“Getting the approach right: an empowerment analysis of Ghana’s Free Senior High School Programme (FSHSP) based on the perceptions and experiences of students and teachers”.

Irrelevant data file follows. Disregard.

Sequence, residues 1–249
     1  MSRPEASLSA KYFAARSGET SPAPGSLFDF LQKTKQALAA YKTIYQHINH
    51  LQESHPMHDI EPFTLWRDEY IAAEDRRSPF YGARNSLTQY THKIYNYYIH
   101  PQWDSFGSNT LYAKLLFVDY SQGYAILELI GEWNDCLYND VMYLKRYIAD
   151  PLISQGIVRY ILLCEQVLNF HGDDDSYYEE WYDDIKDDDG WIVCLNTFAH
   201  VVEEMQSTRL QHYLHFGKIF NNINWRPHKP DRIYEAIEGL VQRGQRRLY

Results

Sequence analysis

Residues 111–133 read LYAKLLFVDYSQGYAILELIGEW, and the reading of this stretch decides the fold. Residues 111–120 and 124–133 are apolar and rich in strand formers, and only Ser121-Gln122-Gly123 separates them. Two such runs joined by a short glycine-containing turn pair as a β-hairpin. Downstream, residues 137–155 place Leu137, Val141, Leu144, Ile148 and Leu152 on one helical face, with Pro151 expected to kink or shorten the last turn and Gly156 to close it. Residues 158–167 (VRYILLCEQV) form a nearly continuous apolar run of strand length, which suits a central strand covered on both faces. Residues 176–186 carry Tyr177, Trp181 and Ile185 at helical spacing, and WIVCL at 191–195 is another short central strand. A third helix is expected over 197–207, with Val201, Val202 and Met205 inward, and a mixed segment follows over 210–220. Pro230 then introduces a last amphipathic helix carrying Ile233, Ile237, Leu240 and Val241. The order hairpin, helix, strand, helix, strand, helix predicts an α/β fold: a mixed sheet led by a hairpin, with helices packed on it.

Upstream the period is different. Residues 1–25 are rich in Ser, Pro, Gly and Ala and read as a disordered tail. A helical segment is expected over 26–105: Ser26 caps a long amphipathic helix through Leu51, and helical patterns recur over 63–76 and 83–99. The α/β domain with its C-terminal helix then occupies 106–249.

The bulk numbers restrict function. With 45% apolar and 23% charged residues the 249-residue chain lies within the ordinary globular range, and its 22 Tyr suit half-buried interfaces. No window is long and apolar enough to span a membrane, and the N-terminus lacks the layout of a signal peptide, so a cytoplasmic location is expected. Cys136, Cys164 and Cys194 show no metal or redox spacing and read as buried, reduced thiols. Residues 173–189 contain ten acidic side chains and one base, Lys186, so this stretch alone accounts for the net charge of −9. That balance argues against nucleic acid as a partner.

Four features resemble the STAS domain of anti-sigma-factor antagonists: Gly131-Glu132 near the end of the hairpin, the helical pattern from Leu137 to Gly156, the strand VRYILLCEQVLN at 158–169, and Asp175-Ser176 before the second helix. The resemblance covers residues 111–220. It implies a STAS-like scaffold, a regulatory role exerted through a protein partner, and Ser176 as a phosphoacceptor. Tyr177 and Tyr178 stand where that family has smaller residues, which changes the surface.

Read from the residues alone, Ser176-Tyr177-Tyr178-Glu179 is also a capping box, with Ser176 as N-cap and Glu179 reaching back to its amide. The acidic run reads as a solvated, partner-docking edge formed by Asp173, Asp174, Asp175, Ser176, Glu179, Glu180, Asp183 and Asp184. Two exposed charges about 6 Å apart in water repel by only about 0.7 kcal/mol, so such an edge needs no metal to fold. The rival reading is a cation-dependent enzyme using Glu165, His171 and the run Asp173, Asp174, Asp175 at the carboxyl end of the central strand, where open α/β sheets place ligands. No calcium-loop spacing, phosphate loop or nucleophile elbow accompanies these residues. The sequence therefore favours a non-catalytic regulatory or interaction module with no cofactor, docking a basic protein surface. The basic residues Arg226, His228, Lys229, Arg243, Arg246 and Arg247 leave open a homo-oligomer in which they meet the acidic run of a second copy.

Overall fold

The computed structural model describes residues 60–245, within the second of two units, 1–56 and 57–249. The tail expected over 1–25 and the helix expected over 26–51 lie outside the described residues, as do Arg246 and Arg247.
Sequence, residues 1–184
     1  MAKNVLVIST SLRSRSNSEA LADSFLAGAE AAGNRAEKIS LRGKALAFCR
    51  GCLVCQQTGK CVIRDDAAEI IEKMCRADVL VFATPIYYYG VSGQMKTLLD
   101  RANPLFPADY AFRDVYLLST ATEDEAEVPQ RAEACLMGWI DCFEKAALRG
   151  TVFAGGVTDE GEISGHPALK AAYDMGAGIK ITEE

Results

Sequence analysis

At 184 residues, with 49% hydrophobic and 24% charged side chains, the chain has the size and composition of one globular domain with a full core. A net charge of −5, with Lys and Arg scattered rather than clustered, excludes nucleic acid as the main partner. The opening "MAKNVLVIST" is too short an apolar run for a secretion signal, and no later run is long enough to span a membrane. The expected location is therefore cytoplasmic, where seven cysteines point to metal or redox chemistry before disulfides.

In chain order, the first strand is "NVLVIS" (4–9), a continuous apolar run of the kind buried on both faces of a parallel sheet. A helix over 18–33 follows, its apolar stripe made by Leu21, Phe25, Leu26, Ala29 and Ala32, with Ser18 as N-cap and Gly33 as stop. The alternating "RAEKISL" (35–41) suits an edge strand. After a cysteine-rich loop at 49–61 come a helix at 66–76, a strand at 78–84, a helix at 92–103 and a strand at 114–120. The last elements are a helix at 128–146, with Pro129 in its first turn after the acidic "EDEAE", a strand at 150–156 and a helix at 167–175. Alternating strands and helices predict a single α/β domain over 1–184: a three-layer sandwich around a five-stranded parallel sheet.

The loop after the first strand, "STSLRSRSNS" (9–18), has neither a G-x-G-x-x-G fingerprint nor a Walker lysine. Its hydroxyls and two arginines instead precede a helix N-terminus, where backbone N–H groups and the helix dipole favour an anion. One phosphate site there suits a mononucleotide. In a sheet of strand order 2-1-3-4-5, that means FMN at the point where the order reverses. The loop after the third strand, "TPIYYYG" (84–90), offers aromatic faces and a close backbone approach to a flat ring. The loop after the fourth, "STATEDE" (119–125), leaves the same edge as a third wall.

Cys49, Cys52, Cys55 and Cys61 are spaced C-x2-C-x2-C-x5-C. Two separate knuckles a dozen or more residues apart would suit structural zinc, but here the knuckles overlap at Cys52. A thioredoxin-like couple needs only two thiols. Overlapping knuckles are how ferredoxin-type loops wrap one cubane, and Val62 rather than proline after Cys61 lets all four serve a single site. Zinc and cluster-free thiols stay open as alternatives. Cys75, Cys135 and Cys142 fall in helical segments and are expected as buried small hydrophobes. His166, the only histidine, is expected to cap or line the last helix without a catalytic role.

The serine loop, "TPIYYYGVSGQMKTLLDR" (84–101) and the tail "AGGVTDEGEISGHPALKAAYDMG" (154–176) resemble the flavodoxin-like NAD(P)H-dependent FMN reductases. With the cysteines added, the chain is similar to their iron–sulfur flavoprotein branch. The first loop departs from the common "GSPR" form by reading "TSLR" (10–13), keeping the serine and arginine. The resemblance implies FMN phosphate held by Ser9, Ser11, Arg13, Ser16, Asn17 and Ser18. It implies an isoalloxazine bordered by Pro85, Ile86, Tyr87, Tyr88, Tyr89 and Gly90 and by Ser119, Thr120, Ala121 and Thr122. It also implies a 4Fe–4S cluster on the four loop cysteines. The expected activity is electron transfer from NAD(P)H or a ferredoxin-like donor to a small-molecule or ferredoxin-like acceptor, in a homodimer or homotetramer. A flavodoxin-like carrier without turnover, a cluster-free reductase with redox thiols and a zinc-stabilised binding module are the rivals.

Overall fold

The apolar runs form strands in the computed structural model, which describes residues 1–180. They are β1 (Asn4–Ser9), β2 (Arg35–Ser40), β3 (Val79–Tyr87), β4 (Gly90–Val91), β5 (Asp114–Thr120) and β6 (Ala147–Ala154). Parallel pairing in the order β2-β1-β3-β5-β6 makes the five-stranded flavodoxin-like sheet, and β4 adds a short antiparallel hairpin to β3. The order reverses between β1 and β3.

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Accessibility inequalities in formal education is still a growing worldwide concern and of high relevance, as it is known to make a far-reaching contribution to development. Accordingly, global educational reformers are resolved to provide formal educational frameworks through all-inclusive (free) educational empowerment policies or programmes that aim to bridge the educational accessibility gaps within and among developing countries, especially in Africa. Ghana has synchronously introduced several free primary and secondary education programmes to eradicate its non-inclusive educational environment over the past two decades despite most African countries' inability to ensure mass educational participation. Notable among them include the Free Compulsory Universal Basic Education in 1994, Progressive Free Senior High School Programme/Policy in 2015 and the Free Senior High School Programme/Policy in 2017. Undoubtedly, the introduction of these free education initiatives has instigated an exponential increase in student enrolment, both at the primary and senior high/secondary levels. However, the expected empowerment impacts of these programmes are seemingly unconvincing, given their objectives and approaches. It is believed that the efficacy of such programmes is contingent on the underpinning frameworks and approaches to their implementation. Although there have been many empirical free education studies within the Ghanaian context, particularly on the free senior high school programme, there seems to be little evidence on the relationship between the implementation structure (approach and framework) and its impact on the quality of education (empowerment). By addressing the literature gap, this study aims to explore how the initial roll-out of Ghana's free senior high school policy/programme has empowered participating students. From a health promotion perspective, the study also aims to examine the well-being of students and teachers, as good health is deemed an integral part of empowerment. The study adopts the qualitative approach in investigating the research phenomenon. It employs three qualitative data collection methods: in-depth online individual interviews (two participants), written responses to open-ended questions (18 participants), and documentary data (a document from the ministry of education). In addition, the study complementarily employs two theories, the theories of empowerment and Salutogenesis, for theoretical analysis of the study's findings. First, in unravelling how participants perceived and understood the programme, the study findings reveal participants exuding great understanding of the programme. Second, the findings also project the prevalence of several implementation challenges that affect empowerment: poor learning and living conditions, poor attitude of teachers (students' perceptions), increased enrolment related stress, economic-related stress, and other challenges (teachers' perceptions). Other findings also include two different levels of coping strategies (individual and institutional levels) employed by participants to mitigate empowerment challenges; a nearly split perception of the quality of tuition offered and the level of knowledge, skills, and competencies gained under the free secondary programme. Finally, the findings also somewhat project self-dependency as being crucial for student empowerment. Based on the findings, the study concludes by recommending a revision of the existing pedagogy and its pedagogical practices, improving the living and learning resources to help end the double-track system, and making the free senior high school programme health-promoting.
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